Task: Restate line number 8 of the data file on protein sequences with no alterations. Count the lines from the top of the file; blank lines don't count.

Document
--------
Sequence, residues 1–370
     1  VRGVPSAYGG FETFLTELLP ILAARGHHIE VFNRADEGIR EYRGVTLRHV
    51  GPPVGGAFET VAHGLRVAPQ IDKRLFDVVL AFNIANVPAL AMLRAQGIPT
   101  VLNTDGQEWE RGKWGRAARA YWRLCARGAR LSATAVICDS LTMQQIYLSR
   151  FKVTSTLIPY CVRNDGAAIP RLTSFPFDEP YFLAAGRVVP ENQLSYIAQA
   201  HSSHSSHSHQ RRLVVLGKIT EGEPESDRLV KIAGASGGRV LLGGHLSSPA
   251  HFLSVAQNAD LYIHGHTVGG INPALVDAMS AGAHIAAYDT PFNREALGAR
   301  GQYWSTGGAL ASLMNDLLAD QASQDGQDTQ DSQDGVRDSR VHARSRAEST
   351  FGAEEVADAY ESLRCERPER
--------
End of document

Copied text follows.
   301  GQYWSTGGAL ASLMNDLLAD QASQDGQDTQ DSQDGVRDSR VHARSRAEST